As is always the case, higher stock prices and higher real estate prices also contributed to global growth through the “wealth effect” whereby consumers seeing their asset base growing feel more confident and willing to consume and borrow more.

Nevertheless, higher interest rates, higher labor costs and uncertainty about exports put an end to the valuation expansion phenomenon that had propelled global stock markets into the longest period of appreciation in history.

Global equity markets peaked in January 2018 and US equity markets peaked in September 2018, and, even more telling is the end of the technology sector lead, the one sector that has fueled the entire 2009–2018 bull market.

The October sharp correction was a stark reminder of what happens when psychology turns at extremes of overvaluations.

The Wealth effect goes into reverse and consumers suddenly retract.

In Europe, where stock markets peaked earlier in the year, Consumer confidence collapsed from June onwards.

The consumer confidence indicator in the Euro Area came in at -3.9 in November 2018, sharply below October’s final figure of -2.7.

It was the weakest reading since March 2017 due to a deterioration of all its components, i.e. consumers’ unemployment and savings expectations and their views on their future financial situation and the future general economic situation.

In the European Union as a whole, the consumer sentiment index was also confirmed at a 20-month low of -3.7 in November.

The question that begs to be asked is how can that happen when unemployment is at the lowest in a decade and interest rates are at zero.

In China, the correlation is even more striking with Consumer confidence falling sharply as of March after a massive improvement since 2016, just as Donald trump launched his Trade War and the Chinese stock markets started falling.

There again, nothing in the traditional macro-economics metrics of China justified such as fall, as real estate prices kept on going up, monetary policy remains accommodative, consumer credit keeps on growing and disposable income continues to grow substantially.

In China, the correlation between consumer confidence and the stock market is unusually high as can be seen from the falls in 2009, 2013 and 2016, when stock markets fell there in the previous quarters.

In the US, where equities kept on going until September, it is extremely likely to see the same phenomenon happening in the coming months, unless the stock market stabilizes.

Falling stock markets are bound to have a significant effect on consumption in the months to come.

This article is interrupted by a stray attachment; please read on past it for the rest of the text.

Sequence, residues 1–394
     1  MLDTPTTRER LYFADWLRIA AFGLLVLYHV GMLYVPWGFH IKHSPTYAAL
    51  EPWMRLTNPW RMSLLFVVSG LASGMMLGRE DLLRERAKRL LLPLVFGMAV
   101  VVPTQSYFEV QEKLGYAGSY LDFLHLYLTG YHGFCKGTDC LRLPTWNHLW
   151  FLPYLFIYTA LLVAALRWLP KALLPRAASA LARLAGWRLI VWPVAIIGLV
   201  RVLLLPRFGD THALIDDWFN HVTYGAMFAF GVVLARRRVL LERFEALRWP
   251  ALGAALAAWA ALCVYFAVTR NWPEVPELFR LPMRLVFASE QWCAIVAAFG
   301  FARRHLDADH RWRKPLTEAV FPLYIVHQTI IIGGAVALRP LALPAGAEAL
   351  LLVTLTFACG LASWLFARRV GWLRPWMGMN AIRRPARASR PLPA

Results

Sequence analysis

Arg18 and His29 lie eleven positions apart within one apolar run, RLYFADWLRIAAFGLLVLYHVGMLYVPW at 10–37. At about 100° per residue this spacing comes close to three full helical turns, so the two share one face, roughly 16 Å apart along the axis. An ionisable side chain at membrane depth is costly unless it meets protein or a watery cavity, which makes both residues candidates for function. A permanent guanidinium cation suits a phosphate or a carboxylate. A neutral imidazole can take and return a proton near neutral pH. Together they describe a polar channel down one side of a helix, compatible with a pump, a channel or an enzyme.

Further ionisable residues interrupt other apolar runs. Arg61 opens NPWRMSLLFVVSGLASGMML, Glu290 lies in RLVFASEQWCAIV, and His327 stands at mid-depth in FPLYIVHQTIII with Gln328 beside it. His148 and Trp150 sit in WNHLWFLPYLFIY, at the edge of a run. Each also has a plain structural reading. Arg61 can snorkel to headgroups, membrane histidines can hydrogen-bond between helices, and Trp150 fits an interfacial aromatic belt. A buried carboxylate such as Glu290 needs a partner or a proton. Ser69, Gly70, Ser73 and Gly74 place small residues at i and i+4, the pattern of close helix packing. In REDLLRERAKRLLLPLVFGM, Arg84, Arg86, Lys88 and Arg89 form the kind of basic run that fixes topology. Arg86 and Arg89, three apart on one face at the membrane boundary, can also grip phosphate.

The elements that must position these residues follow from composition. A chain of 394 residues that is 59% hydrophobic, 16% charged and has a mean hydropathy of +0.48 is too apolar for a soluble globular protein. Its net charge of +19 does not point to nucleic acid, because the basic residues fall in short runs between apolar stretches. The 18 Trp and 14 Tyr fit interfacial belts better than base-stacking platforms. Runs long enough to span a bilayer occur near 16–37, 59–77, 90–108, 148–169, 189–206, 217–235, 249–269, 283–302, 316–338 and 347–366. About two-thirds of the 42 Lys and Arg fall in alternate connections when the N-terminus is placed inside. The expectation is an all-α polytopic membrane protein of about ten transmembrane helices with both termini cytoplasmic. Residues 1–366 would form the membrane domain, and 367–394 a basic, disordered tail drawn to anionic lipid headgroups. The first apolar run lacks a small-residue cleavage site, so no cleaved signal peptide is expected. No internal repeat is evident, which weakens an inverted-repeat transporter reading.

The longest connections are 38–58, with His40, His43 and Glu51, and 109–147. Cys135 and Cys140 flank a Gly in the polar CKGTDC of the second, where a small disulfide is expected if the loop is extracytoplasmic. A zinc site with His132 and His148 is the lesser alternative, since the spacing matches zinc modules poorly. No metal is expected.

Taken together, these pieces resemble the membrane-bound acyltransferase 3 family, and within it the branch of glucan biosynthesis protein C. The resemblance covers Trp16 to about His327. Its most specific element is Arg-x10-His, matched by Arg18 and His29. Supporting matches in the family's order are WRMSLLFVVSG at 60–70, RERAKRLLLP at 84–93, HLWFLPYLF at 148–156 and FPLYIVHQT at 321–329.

Global uncertainty ended up Killing the Corporate Bond Market

In less than a month, the world credit markets went into a tail spin.

We had been warning for years now that fixed income bonds and credit markets were mispriced and kept artificially expensive by the abnormal monetary policies pursued by the world’s three largest Central Banks.

In the process, chap credit led to another binge of consumer and public borrowing and the world’s aggregate stock of debt is now at much higher levels than at anytime in history including the 2007 excesses.

The World total global debt reached $230 trillion in the last quarter or 313 % of the World GDP, and contrary to what some seems to think the largest increase does not come from China but from the US.

The Chart below from the Federal reserve shows the increase of US total debt and how the debt contraction of 2009–2010 was just a blip in what is truly an addiction to debt.

To put this into perspective the 2008 US meltdown occurred when household debt reached about 120 percent total debt to annual GDP.

The only way to keep payments current is with a low rate environment.

But the sudden cracks in equity markets translated into a sharp repricing of risk and BBB corporate debt suddenly breached the 8 % and 12 % thresholds in US dollar terms.

The effects of sharply higher interest rates for both corporations and individuals will have tremendously negative effects on corporate earnings, investments and consumption, eventually leading to the next recession.

In a nutshell, the unexpected UNCERTAINTIES created by Donald Trump’s Trade wars — and to a much lesser extent BREXIT and Europe’s Government debt — have dealt a massive blow to the World economy and are now creating a chain reaction in investments, asset markets and consumption

Whatever strategic or political motives Mr. Trump has been pursuing, he may have unleashed a highly destructive economic dynamic for the world economy.

Only a QUICK RESOLUTION OF THE TRADE WARS will restore global confidence.


and the US economy more than any other considering its high leverage and high reliance on a highly indebted consumer.

Originally published at Mechelany Advisors.